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Tillabooks: Will's Book Blog

Sunday, November 11, 2007

Snow Falling on Cedars by David Guterson

Snow Falling on Cedars by David Guterson. New York: Vintage Books (Random House), 1995. ISBN: 0-679-76402-X

This is a classic of modern Northwest fiction, and a must read for anyone who thinks of him or herself as a literary sort in this part of the county. Set in the San Juan Islands, and the waters around them, written with a feeling for the landscape, and with a sense of imagery that often approaches poetry, it would be worth reading for the setting alone.

But there is more, of course, so much more. There is the whole issue of the grossly unfair internment of the Japanese-Americans during World War II. There is the first love, puppy love, if you will, between a teen-age American, and the beautiful Japanese girl who lived down the road. This love haunts the life of the island's lonely newspaperman, who in the end, holds the key to the entire story.

There is a farm. The owner had promised to sell some strawberry fields to the Japanese family. But he dies before that promise can be fulfilled, and his wife and son cannot be forced to adhere to that promise. They sell to someone else.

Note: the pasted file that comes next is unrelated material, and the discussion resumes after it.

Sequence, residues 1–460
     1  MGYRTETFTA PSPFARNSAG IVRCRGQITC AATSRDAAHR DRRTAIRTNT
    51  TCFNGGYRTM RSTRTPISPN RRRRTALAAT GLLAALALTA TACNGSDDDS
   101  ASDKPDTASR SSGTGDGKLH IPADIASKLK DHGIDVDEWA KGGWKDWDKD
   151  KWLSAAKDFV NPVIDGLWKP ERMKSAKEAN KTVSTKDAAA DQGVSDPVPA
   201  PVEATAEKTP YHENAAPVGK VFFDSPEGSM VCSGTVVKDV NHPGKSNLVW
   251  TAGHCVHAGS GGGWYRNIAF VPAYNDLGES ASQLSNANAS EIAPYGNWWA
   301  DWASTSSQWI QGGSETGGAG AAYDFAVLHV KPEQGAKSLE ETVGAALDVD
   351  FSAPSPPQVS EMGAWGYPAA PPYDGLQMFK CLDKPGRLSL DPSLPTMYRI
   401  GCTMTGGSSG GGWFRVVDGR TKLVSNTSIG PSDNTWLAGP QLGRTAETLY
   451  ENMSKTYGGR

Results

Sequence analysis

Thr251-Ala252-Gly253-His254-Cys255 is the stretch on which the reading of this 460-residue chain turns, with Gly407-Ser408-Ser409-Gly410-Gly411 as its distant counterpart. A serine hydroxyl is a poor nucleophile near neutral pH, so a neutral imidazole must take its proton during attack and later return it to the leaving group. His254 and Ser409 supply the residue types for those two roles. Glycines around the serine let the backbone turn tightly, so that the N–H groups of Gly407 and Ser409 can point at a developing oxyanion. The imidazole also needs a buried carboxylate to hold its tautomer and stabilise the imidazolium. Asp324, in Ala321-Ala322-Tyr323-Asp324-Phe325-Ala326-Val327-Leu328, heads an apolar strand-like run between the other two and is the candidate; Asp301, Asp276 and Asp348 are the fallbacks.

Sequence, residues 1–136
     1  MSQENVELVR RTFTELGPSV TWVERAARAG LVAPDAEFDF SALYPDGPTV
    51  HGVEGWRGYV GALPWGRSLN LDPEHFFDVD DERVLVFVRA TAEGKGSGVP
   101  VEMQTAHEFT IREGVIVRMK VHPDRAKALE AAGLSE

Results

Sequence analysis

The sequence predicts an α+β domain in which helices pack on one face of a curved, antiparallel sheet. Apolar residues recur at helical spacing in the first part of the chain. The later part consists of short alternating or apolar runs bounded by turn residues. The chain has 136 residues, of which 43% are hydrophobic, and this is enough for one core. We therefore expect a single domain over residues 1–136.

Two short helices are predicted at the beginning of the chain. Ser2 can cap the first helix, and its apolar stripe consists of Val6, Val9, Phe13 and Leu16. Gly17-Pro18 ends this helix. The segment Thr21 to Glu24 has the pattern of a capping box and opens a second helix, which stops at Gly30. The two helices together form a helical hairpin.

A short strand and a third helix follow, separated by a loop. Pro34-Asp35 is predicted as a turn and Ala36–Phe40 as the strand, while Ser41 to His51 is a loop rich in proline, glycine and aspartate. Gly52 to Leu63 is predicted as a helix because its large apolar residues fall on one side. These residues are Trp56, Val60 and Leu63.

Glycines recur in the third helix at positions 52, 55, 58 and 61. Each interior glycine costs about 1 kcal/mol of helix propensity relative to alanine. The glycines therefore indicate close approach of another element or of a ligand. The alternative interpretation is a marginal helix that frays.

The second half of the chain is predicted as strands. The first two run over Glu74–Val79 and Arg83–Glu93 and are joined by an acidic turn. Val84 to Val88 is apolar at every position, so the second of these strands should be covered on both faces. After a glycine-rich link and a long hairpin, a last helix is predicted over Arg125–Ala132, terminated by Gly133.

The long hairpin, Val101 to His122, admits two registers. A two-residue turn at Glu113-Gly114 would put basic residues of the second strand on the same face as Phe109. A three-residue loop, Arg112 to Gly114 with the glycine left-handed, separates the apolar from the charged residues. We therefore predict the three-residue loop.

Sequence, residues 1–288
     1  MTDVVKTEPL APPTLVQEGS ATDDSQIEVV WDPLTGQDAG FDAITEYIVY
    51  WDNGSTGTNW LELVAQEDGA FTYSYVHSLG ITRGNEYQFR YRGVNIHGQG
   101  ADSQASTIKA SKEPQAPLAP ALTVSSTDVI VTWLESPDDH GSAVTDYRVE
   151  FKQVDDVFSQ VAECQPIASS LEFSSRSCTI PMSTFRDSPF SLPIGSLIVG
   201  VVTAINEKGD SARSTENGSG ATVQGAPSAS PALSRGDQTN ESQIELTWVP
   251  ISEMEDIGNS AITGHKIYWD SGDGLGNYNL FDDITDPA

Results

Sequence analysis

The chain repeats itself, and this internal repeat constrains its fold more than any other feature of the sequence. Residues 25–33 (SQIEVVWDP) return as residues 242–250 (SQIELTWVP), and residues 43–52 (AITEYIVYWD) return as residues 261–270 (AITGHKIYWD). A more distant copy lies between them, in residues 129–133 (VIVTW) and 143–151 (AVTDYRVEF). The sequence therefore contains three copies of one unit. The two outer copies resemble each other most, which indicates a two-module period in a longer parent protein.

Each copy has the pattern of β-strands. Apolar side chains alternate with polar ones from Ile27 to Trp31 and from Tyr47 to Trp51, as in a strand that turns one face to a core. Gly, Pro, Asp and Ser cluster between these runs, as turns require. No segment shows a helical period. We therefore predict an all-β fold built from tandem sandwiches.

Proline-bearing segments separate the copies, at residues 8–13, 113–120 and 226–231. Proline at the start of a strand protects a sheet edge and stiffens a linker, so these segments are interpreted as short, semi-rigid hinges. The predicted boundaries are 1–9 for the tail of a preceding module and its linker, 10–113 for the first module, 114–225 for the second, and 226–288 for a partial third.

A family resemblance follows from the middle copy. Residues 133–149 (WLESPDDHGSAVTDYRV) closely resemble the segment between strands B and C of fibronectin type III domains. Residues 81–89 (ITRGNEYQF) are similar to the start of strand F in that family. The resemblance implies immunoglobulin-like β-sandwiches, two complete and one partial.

The book is also a mystery. There is a death, and the son who sold the farm is the man who died, on his fishing boat, out in the Puget Sound. The evidence shows that his path crossed that of the Japanese and his boat that night, and since the Japanese man has a motive, and there is circumstantial evidence against him, he is accused and tried for the murder.

He will probably be convicted, except for the evidence the newspaperman turns up at the last minute. The accused is married to the Japanese woman he loved so many years before. They married in the camps. But will he do the right thing, and come forward. Or does he still hold it against her, that she rejected his love all those many years before.

But above all else, there is the language, the writing, the words, the poetry. This book is highly recommended.

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